When asked how she would spend the £25,000 prize money, Lubaina Himid said she would help other artists – and “buy some shoes”.
Lubaina Himid has become the first black woman artist to win the prestigious Turner Prize.
The Zanzibar-born artist, 63, is also the oldest winner of the £25,000 prize, which has previously been awarded to prominent British artists such as Grayson Perry, Gillian Wearing and Chris Ofili.
Himid lives and works in Preston, Lancashire, and is professor of contemporary art at the University of Central Lancashire.
She was praised by the Turner Prize panel for her “uncompromising tackling of issues including colonial history and how racism persists today”, and “her expansive and exuberant approach to painting which combines satire and a sense of theatre”.
Prof Lubaina Himid announced as winner of #TurnerPrize 2017 live at @HullMinster @1lubaina said: “It’s great to win, especially as so many people in #Preston were rooting for me. It will make a huge difference to my profile and give a platform to the issues I want to champion.” pic.twitter.com/RXrFZ4pF6L— Uni of Central Lancs (@UCLan) December 5, 2017
Himid’s work on display at the Turner Prize exhibition in Hull includes porcelain tableware painted with portraits of black slaves and white aristocrats, intended to spark conversations about the lasting impact of the slave trade.
Other artwork includes pages from newspapers with sections painted over to show how they “used black people in a very subtle way which could be said to undermine their identity”, and an installation from 1987 featuring characters including Margaret Thatcher and Ronald Reagan.
The Turner judges said they “acknowledged [Himid’s] role as an influential curator and educator who continues to speak urgently to the moment”.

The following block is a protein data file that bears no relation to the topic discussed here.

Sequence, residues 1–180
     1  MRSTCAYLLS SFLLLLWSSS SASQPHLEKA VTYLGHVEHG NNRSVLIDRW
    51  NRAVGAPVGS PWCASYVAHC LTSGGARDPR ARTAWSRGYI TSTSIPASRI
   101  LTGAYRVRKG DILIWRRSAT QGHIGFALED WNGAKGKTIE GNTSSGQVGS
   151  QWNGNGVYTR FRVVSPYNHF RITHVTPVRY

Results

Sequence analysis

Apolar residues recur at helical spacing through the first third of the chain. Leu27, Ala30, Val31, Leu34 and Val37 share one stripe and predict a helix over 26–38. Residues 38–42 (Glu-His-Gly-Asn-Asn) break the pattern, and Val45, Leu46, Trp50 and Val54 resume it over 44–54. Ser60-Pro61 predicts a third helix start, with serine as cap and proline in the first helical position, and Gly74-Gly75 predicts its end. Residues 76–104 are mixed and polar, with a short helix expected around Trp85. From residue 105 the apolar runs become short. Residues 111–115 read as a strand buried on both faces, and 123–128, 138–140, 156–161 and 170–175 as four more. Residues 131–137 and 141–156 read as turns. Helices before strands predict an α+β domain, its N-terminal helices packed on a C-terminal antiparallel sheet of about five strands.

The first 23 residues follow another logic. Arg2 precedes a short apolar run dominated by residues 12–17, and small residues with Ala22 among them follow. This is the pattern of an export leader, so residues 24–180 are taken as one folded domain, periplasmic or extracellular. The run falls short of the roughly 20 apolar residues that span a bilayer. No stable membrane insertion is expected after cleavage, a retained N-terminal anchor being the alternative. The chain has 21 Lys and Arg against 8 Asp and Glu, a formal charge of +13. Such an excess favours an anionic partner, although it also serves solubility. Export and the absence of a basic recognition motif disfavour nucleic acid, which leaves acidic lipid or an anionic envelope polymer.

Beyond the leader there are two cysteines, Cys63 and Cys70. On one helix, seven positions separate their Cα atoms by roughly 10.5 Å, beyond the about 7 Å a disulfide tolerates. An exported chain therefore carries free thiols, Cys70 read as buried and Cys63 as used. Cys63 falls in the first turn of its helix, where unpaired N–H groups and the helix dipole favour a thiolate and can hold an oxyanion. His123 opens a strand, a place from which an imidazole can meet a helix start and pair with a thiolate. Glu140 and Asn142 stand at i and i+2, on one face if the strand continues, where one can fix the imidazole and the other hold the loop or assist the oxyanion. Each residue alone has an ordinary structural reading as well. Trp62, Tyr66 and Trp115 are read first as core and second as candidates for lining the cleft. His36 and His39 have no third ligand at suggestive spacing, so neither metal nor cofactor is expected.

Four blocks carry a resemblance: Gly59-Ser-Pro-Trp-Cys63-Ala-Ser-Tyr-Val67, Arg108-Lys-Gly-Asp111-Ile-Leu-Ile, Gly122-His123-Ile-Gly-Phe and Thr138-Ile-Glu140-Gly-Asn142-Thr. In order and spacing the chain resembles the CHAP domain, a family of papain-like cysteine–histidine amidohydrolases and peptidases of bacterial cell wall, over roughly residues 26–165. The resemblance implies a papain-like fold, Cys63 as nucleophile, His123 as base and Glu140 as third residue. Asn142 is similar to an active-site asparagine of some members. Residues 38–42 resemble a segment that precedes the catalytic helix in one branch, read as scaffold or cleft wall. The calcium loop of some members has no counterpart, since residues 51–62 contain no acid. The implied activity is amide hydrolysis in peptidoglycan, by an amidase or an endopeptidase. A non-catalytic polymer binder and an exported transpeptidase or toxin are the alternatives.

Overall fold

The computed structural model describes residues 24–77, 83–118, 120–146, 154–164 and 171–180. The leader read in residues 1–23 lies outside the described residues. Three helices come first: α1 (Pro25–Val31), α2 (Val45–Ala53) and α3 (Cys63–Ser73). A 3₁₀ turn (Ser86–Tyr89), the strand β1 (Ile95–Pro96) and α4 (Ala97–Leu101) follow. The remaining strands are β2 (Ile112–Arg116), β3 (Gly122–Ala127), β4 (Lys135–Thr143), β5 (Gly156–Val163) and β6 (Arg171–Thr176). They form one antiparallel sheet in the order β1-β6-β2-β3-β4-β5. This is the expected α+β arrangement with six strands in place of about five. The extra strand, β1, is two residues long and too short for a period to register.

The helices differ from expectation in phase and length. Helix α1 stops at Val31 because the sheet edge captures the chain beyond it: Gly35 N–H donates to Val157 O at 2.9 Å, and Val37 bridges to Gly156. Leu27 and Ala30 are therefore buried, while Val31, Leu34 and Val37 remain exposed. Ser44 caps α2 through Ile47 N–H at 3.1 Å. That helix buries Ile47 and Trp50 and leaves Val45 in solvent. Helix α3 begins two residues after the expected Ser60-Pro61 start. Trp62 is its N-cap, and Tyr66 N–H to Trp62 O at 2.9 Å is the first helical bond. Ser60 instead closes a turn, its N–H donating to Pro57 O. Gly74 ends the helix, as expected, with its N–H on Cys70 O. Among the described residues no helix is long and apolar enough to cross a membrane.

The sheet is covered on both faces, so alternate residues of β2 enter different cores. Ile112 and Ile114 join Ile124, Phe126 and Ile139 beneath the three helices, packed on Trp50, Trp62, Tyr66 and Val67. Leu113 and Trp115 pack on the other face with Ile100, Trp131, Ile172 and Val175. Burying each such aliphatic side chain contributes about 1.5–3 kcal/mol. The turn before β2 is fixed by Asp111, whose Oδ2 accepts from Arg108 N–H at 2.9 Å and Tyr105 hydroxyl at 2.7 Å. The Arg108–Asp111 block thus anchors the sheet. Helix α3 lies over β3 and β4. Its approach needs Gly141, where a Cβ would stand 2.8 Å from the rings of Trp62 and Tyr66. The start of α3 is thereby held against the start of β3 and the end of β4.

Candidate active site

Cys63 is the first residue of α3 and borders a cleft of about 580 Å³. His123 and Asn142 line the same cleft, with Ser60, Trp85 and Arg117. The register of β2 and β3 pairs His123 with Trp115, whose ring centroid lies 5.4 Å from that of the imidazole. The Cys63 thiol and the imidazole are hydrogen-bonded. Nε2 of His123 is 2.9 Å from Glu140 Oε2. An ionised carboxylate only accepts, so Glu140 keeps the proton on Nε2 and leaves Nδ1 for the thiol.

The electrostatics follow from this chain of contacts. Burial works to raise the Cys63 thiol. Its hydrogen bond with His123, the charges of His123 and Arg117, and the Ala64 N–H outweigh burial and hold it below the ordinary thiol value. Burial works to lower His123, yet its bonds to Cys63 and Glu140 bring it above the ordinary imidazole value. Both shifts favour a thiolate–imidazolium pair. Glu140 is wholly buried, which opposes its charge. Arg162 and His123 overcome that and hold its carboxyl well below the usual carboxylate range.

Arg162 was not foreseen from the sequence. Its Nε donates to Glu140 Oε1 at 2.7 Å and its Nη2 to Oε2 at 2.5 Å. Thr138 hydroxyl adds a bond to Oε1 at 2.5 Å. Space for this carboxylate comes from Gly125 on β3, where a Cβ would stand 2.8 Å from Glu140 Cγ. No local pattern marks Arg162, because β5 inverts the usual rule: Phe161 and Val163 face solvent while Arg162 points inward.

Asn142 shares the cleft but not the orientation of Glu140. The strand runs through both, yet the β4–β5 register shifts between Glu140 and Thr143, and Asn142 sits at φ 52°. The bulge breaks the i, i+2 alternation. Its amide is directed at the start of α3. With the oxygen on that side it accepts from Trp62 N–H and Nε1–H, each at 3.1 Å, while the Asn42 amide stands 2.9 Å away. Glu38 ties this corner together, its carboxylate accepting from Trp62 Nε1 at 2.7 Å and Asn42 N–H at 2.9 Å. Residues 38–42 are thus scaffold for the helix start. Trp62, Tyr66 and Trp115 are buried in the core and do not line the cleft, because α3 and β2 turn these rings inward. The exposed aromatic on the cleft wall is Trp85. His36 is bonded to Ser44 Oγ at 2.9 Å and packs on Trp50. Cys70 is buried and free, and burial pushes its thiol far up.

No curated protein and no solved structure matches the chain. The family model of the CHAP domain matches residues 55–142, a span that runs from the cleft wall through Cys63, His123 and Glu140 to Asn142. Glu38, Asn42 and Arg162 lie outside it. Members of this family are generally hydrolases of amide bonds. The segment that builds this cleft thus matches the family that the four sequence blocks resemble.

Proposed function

In her acceptance speech at a ceremony in Hull, the UK City of Culture 2017, Himid thanked “the people who’ve stopped me in the streets of Preston and Hull to wish me luck”, as well as the “dozens of strong, clever artists and curators, mostly women” who she has worked with: “I love them dearly.”
She also thanked her mother “for letting me do what I wanted as a teenager, as long as I came home by 10pm.
“I quickly learned that I could manage to squeeze as much as possible in by 9.55pm,” Himid said, to laughter and applause.
This is not the first time that Himid’s contribution to the art world has been recognised. She first gained recognition in the Eighties for her involvement in the Black Art movement, and was made an MBE in 2010 for services to black women’s art.
The Telegraph has previously described her as “the under-appreciated hero of black British art”, but her Turner Prize win will likely propel her towards household name status.
Speaking to BBC News after the ceremony, Himid said that she thought her win “will get people talking, which is the point of my work.”
When asked how she would spend the £25,000 prize money, she said: “I spend quite a lot of my money working with other artists, sometimes asking them to make things or helping them to make things when maybe they didn’t get a grant or whatever.
“So I’ll do a bit of that. And I’ll buy some shoes.”
Main image: twitter.com/Tate